When City Councilman Jim Kraft had the park benches removed from the grassy median strips along S. Broadway in July, residents were relieved and thought the Broadway Corridor, long down-in-the-heels compared to much of lower Fell’s Point, might be turning a corner.
That optimism, they say, was premature.
Ed Marcinko, a lifelong Upper Fell’s Point resident and former president of the Upper Fell’s Point Improvement Association, is at his wit’s end.
Marcinko says he is tired of cleaning up after vagrants: bottles, trash, mattresses, and most recently, human feces, condoms, and needles, in a makeshift vagrant’s latrine not far from his house.
“We sent the city emails and filed 311 complaints for five weeks,” he says, referring to the alley near the rear of 417 S. Griffin Ct. near Portugal St. (at Regester St.) that vagrants had used as a bathroom.
Marcinko says he and his neighbors filed 311 requests to have the space cleaned up starting mid-August.
Jeff May, president of UFPIA, says that 311 may have come and taken a mattress away and removed some weeds from the space (the condition of area is such that he can’t tell) but no one dealt with the feces.
Four or five 311 requests later–all cc’d to Kraft’s office and local community groups–and the feces was still in the alley, reports Marcinko.
“Neighbors cleaned it up themselves last week,” he says.
Why did 311 not clean up the excrement?
“The 311 supervisor who called me said there was confusion on the location,” Marcinko says, adding that there also seemed to be confusion as to which city agency was responsible for cleaning up human feces–DPW or Housing.
Marcinko says he’s still not sure under whose purview human feces falls.
“311 told me that Housing is in charge of cleaning up human feces,” he says. “But Housing might say, ‘Hey, not us.’ Don’t you think that when you call 311, the operator should know who deals with human feces?”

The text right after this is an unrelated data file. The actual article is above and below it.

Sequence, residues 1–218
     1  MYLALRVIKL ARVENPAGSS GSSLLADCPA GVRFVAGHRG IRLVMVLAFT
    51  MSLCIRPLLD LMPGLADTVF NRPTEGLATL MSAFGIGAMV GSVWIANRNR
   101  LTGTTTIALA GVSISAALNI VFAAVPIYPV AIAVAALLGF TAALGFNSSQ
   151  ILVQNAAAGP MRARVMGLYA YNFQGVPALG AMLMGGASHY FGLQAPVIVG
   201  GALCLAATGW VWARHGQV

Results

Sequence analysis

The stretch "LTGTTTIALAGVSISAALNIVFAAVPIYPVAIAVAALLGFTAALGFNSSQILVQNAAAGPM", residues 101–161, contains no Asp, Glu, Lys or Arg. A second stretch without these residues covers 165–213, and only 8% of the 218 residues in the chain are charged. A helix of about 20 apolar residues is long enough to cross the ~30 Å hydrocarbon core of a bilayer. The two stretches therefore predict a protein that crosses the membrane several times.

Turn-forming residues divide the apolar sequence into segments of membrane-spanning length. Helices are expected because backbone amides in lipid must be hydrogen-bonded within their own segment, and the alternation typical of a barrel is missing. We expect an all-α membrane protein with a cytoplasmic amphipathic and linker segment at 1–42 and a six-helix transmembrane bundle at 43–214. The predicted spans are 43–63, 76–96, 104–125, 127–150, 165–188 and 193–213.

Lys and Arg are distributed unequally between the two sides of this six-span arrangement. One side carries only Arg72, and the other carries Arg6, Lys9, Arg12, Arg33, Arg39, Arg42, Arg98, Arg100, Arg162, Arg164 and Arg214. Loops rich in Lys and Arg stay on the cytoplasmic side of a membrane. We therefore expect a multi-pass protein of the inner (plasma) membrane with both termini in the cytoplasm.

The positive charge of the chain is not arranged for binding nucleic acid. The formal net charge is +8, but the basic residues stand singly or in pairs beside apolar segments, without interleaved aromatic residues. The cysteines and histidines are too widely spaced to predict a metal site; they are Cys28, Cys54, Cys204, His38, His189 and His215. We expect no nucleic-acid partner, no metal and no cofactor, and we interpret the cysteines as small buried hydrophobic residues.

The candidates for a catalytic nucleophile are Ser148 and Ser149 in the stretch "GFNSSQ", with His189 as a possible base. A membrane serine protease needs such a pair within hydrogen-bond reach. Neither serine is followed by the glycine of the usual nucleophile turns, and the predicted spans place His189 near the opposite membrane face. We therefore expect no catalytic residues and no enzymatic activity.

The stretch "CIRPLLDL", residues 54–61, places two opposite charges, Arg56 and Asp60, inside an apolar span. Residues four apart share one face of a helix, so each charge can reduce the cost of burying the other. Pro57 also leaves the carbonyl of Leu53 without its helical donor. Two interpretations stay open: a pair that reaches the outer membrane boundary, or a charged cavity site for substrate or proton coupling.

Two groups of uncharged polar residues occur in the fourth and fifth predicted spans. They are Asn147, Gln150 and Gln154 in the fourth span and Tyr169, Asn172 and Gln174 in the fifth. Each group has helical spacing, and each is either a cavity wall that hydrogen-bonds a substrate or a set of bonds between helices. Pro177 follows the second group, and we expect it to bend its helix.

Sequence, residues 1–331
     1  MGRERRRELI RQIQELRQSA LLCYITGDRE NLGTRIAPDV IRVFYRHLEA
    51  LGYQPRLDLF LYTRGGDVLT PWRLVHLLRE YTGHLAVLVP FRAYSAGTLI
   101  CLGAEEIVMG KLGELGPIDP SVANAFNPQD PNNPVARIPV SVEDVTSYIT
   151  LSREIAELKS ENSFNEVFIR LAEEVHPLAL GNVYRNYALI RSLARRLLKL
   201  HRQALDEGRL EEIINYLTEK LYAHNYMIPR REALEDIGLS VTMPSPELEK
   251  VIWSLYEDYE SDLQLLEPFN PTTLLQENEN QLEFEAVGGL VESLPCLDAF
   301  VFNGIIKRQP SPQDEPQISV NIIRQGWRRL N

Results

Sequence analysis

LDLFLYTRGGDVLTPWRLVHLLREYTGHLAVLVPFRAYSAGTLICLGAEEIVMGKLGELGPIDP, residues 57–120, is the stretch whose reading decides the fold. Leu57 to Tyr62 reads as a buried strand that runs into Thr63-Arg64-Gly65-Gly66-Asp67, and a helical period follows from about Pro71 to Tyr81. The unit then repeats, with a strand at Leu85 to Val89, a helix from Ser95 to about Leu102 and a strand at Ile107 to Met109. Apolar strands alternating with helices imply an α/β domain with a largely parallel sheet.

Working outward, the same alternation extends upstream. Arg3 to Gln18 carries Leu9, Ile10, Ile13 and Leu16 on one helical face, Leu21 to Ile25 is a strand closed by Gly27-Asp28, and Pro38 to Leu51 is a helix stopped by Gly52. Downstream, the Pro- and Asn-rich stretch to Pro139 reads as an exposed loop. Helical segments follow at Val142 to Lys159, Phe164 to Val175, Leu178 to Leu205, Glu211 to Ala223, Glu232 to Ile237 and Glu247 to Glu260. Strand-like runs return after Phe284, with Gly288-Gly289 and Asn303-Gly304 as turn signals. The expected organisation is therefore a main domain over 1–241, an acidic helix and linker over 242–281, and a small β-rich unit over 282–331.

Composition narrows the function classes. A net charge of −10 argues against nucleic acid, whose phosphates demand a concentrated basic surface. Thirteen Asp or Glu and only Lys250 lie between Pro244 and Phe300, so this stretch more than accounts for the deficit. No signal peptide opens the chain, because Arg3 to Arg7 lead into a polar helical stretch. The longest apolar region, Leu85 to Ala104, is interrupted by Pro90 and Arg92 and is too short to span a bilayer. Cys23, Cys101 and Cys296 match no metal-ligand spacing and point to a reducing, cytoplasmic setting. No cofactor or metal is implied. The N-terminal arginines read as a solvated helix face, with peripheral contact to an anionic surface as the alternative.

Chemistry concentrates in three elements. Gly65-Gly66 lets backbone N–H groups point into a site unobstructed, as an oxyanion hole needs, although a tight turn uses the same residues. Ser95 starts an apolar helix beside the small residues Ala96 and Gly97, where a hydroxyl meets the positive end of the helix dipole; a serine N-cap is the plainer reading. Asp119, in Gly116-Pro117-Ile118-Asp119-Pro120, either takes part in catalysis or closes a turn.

Marcinko says he personally believes that 311 requests are frequently sent to the wrong departments.
Emails from the Baltimore Guide to Kraft’s office asking why the feces didn’t get cleaned up; which agency is responsible for cleaning human feces; and what caused the delay, were not answered.
For his part, May notes that 311 doesn’t seem to be aware of all the options for dealing with homeless/vagrants either.
“Specifically, the Mayor’s Office of Human Services told us we can call 311 to request ‘Homeless Outreach’ if we observe a person who we believe is a vulnerable homeless person who might benefit from a visit from outreach workers,” May explains. “When I called 311, the operator was unaware of this service and didn’t know how to process the request. They forwarded me to a City Hall operator, and they weren’t aware either–although they did transfer me to the correct office.”
Residents claim that the filthy alley is just one of several recent vagrant-related problems near S. Broadway. Another is vagrants trespassing.
“Vagrants have been breaking into the yard at 412 S. Regester St., a vacant home that is for sale,” says May. “When the police are called, they arrive and tell the vagrants to move along. They say they don’t arrest them because there is no ‘No Trespassing’ sign posted.”
May says the owner of 412 S. Regester apparently does not live nearby.
Neighbors put up “No Trespassing “signs and boarded up the yard fence at the house over the last few days. Since then, the vagrants have not been seen in the yard, says Marcinko.
Still, the Griffin Ct. alley and Portugal St.(at Regester St.) areas continue to be used as toilets, Marcinko reports.
Residents and Kraft’s office are trying to come up with some solutions.
May says that he and his neighbors are trying to get the Portugal St. alley gated. The gates would be placed at Portugal and Griffin streets and at Portugal and Regester streets.
“The gates have successfully deterred vagrancy in areas where they have been installed,” he says.
And Kraft’s Broadway Corridor group continues to meet, and its crime and vagrancy committee (which meets Oct. 1 at 6 p.m. at the Polish Home Club), is working on establishing a Nuisance Offenders Community Database.
“We are still seeking input from the community on what would be the most useful format. Our hope is that community members would be able to use this tool to track repeat offenders and observances along South Broadway. We have considered using NextDoor or a Google Docs to compile this information,” says Shannon Dawkins Wrenn, Kraft’s community aide. “We [are] hopeful this kind of record would create pressure on individuals in the neighborhood to seek help or face the consequences.”
Wrenn adds that the Baltimore City State’s Attorney’s Office will be sending a representative to the next Broadway Corridor crime and vagrancy committee meeting.
In the meantime, Marcinko fears his neighbors are simply tired of calling on the city for help and are losing hope.
“I mean, we’re talking about three or four blocks along Broadway and a handful of vagrants—less than 20 people. Many of them are not actually homeless. They have alcohol problems. Why can’t we get a drunk tank? You wouldn’t see this happening at the Inner Harbor, would you?” Marcinko says.
“I love this neighborhood, but it could be so much better.”
by Danielle Sweeney